Seido Jamaica Anual camp and schedule
New Article 'FALLING HARD' by Kyoshi Ronald
The World Seido Karate Organization officially opened its headquarters on October 15, 1976, in New York City. It is a worldwide
organization, with thriving branches in such diverse places as Australia, New Zealand, the Republic of South Africa, England,
and South America. However, within Seido, growth of the branches has not been pursued for its own sake; quality of instruction
and of the students is paramount.
Seido Juku Karate is - in concept and in practice - based on a deep understanding of the spiritual aspect of karate, which
is why Kaicho calls Seido Karate Ningen Karate or the Human Face of Karate.
In this new karate system, Kaicho Nakamura changed many of the traditional elements of karate, turning it into a martial
art for everyone, not just the physically elite.
|Jun Shihan Tony Robinson, Chief Instructor Seido Jamaica
|Mid 90s. Jun Shihan George
|Kyoshi Ron (L) and Senpai Junia (R)
|Lamorna Mid 90s
|Jun Shihan George in 90s photo while in training for possible Japan tournament call up
INTRODUCTION TO SEIDO MANDEVILLE
of Seido in Mandeville had an
interesting beginning. Starting with some of our
students who had at that time been
another Japanese martial art, Goju Ryu. Their
school was back then instructed by their
Jim Lilly. When difficulties
arouse, the enthusiastic students sought another
system. Kyokushin karate, being of the
rough and tumble philosophy that they were used
to, was the obvious choice.
Sensei Errol Lyn was contacted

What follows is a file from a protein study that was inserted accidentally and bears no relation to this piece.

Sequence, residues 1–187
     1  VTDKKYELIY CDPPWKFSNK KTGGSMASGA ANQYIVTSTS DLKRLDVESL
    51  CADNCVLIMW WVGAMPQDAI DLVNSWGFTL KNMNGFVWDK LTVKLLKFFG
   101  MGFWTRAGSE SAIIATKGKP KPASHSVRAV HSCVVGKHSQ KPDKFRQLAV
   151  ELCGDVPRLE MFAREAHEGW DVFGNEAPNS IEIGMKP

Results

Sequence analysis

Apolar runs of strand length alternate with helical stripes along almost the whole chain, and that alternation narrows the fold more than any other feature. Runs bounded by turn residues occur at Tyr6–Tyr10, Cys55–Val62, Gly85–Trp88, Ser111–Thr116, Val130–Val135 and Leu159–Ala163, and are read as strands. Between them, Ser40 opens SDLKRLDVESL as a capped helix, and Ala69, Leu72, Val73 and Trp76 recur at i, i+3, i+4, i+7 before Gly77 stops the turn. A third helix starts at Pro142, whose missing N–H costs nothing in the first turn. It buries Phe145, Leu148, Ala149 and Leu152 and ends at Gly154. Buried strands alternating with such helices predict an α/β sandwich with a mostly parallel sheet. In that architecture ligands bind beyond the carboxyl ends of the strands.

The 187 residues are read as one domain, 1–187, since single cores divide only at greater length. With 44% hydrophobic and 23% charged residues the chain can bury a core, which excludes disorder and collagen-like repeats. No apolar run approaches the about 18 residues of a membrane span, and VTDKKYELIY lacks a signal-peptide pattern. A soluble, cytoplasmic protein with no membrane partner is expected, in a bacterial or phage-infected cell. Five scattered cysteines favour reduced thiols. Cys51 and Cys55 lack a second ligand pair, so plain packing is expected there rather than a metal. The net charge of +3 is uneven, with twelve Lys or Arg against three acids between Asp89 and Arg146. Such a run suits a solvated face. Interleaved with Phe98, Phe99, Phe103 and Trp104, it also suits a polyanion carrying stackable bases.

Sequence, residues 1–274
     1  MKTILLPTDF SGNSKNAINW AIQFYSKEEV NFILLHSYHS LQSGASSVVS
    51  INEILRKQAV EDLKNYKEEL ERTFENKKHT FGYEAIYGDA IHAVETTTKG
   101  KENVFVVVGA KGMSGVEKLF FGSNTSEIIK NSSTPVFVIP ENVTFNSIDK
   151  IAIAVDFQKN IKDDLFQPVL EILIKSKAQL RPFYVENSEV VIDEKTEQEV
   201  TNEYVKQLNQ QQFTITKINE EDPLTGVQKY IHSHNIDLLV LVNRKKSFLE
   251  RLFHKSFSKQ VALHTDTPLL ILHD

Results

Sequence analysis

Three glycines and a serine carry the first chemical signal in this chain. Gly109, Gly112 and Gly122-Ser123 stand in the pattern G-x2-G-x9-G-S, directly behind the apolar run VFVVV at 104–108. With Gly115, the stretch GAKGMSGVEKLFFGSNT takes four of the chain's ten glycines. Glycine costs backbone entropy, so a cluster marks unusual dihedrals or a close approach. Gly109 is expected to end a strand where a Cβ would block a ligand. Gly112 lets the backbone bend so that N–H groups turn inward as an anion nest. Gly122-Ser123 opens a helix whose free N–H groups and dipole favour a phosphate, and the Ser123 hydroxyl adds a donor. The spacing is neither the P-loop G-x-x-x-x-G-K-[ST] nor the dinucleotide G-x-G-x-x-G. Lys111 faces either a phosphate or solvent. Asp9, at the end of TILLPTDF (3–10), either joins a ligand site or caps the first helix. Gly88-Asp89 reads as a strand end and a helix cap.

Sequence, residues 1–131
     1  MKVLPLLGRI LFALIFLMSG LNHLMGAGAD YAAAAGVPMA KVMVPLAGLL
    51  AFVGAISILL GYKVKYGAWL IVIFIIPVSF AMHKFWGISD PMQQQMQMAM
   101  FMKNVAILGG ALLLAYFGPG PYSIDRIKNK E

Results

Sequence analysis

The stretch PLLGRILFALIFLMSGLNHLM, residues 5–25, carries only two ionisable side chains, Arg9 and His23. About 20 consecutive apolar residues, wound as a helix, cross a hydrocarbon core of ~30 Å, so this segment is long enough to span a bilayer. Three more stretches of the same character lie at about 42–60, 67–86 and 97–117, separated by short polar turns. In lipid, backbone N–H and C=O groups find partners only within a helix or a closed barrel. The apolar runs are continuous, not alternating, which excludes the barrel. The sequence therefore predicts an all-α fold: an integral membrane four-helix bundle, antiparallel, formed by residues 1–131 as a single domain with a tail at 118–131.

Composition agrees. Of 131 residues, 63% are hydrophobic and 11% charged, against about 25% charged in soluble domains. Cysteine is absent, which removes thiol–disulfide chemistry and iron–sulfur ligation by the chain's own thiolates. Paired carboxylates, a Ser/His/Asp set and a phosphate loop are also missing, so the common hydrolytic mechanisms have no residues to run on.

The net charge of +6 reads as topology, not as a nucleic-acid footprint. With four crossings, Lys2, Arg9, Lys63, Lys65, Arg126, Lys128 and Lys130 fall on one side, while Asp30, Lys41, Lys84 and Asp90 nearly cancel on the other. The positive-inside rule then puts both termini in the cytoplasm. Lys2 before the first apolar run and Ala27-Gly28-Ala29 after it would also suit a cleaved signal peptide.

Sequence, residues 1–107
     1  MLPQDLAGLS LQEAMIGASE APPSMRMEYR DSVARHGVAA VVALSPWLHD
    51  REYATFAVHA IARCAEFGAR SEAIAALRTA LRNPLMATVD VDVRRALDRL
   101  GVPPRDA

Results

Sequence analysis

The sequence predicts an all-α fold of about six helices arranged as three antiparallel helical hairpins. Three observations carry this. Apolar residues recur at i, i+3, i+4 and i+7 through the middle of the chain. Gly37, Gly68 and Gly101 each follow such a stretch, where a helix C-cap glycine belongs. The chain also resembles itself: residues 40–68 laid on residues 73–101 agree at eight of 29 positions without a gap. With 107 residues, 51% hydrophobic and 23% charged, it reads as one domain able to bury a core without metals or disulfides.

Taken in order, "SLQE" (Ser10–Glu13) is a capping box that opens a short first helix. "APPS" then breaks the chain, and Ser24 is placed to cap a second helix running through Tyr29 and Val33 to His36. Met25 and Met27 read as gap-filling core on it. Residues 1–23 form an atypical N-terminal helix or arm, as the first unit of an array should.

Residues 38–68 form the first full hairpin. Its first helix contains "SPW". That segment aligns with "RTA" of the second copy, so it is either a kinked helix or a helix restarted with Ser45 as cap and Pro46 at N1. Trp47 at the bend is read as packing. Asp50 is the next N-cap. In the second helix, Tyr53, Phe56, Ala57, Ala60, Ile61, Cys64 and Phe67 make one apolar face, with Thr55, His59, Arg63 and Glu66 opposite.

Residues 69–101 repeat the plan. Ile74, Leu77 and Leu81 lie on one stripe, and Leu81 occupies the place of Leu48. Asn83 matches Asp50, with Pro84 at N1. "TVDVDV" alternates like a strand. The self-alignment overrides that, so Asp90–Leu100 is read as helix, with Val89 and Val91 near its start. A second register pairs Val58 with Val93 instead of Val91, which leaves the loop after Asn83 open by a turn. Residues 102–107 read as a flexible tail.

arrived at headquarters for Sensei to have
discussions and evaluate for himself. The change
was agreed upon and Senpai Philip Houson
was appointed Sensei. Then it was the long hard
journey building the class
from the ground up in
an unfamiliar style. Later on in 1976 the switch
was made to Seido Juku, following the move
made by Kaicho Nakamura and other dojos
Some students training at this time familiar to
Kyoshi Vernon Williams, (now chief
instructor for Seido in St. Ann) Senpai Norman
Russell, (now abroad) Senpai Neville
Forbes, and of course Jun Shihan George
Students of the day tell of their nervousness,
should we say fright, when Sensei Lyn and
company arrived for the first time in Mandeville.
"You have to understand
that we had never
seen a shodan (much less a senior black belt)
other than Sensei Lilly."
"And then to see all
these major practitioners
converge on the dojo at once,,, well it was enough
to make some shiver in their gis."
in Mandeville was thus born and soon
started growing. But nothing develops without
some teething pains and hard times
around the corner. There were times when class
attendance was at a premium and for weeks few
the dojo floor. However with the back bone
still active and showing that old Seido
spirit, it was not long before
things would return
Our first dojo was at the church teachers
collage, later moving to Timber Trail
Manchester High School. There at M.H.S. many
an inspirational class was held. But alas
less than ideal. Students (of
M.H.S.) would traverse the environs for hours
daily, and most times dusty and dirty
were what greeted us on arrival.
Mandeville to say the least was noticeably
different to the other
dojos, their gis
permanently stained to a different hue.
By this time Jun Shihan George had officially taken
the running of the dojo. We shared the
building with Jun Shihan's gym, first at Mandeville
plaza, and afterward to
Caledonia Mall, our
present location. Pride in the Dojo naturally grew
considerably compared to those early days of
soiled gis and locked doors.
Throughout all this Seido Mandeville has had
branches in as diverse places as Christiana,
Santa Cruz and Cedar Grove.
We continue to look toward the future keeping
the tenets of Seido Karate close
at hand, and
we feel proud to have as valued and legendary an
instructor as Jun Shihan George Mcfarlane guiding us
from the front.
The main difference between students of the 70s and 80s and the present was this incredible
thirst for knowledge that was present in all who were training at the time.
That same hunger never leaves you, and
the special ones are able to translate that to their daily lives. It is no coincidence that some of our still training seniors
are of that ilk. The years but a faint memory to some, but as vivid and clear an image to others as if burned undeniably into